Whereas before we exchanged personal correspondence (many of us still do!) via post, these days, that sphere of connection has moved to instant- and always-on web services that remove the asynchronous nature of traditional mail. Now, the post is still used, but mostly for the delivery of goods, rather than correspondence. In this case, social media and online services have not lessened the need for Canada Post, but instead changed its nature and role.
I still wait for my letter-carrier to bring me news from friends, but know that I may in the minority. However, everyone I know still talks about waiting for the delivery person to bring them the wonderful things they have ordered or shipped; Canada Post’s competition is not social media, but other shipping companies. Those of us that use the postal service for personal correspondence depend on the success of Canada Post in the shipping arena in order to support (effectively, subsidize), our epistolary habits.
How can Canada Post’s efficiency be improved within its framework of self-sustainability?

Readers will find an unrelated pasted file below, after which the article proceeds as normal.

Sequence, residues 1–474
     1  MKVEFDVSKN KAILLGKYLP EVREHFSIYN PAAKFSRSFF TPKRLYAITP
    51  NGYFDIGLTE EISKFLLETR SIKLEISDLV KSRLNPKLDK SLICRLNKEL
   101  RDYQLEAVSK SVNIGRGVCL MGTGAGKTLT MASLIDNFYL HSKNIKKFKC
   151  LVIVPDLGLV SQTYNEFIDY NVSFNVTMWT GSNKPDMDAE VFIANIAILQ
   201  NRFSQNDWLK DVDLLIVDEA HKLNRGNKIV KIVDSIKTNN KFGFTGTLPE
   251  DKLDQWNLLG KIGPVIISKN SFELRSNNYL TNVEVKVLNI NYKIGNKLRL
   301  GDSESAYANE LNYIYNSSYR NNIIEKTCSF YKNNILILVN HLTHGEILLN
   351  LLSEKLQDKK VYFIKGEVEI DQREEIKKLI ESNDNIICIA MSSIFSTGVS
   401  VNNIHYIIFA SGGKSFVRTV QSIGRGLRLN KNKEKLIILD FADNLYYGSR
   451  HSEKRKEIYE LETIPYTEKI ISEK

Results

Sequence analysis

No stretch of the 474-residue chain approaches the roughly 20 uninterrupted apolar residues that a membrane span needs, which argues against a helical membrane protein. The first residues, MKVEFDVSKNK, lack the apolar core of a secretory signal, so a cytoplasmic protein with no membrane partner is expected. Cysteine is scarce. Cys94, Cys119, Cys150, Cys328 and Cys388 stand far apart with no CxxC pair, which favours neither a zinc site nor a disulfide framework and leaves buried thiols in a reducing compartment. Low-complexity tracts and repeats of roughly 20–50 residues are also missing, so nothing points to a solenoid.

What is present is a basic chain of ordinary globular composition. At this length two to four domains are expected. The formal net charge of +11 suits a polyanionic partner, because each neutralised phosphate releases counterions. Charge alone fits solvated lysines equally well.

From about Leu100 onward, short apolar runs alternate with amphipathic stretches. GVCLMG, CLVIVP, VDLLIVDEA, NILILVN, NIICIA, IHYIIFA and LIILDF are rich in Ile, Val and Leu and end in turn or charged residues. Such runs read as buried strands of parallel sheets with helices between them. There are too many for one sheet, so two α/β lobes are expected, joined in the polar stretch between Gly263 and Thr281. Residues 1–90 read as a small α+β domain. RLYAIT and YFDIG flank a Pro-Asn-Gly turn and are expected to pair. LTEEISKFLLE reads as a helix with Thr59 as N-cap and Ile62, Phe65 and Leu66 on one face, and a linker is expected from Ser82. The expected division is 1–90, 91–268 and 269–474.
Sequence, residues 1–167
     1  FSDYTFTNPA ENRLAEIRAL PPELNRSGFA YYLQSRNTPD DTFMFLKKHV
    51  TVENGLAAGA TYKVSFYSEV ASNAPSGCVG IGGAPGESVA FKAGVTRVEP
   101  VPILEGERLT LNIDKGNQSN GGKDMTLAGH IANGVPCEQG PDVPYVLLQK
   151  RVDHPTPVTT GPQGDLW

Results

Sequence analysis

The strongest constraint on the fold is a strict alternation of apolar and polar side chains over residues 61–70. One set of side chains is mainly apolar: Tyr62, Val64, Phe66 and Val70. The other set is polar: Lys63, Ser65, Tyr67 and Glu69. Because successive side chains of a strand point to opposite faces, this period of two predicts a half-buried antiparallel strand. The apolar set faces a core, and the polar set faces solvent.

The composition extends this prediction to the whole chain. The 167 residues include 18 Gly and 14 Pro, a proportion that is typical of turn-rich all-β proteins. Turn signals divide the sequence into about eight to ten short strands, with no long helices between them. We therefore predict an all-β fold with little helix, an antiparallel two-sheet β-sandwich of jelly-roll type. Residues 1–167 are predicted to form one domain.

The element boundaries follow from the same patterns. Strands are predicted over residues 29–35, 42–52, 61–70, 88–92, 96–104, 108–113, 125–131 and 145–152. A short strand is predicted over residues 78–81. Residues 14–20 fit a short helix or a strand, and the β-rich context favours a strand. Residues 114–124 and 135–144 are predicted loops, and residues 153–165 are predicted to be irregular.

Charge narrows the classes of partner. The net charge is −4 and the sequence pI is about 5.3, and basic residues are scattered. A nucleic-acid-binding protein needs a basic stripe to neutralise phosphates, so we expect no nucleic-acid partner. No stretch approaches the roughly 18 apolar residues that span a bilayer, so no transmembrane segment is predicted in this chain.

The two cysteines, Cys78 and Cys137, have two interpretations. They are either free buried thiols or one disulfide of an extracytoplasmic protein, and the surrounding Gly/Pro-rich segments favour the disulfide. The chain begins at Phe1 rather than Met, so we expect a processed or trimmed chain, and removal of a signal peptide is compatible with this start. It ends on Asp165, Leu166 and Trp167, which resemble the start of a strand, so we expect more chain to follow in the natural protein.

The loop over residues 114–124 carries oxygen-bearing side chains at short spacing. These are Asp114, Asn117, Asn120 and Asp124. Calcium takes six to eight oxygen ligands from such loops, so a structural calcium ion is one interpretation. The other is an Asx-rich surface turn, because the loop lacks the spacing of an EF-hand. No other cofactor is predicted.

At its core, many of the issues plaguing Canada Post was the over-reliance on third-class mail and the extreme subsidies provided to those that use the third-class mail service over those that are dependent on first-class mail service. Currently, the higher costs of delivering mail are passed on to the (lower volume) first-class customer, while third-class customers have an incentive to produce a higher volume of unwanted mail due to the extremely low cost involved in sending out what is effectively postal spam. When the whole system is created to cater to the third-class mail customer, efficiency for the first-class mail customer suffers, and revenues drop because of the lack of interest in the subsidizer to pay for the services of the subsidized.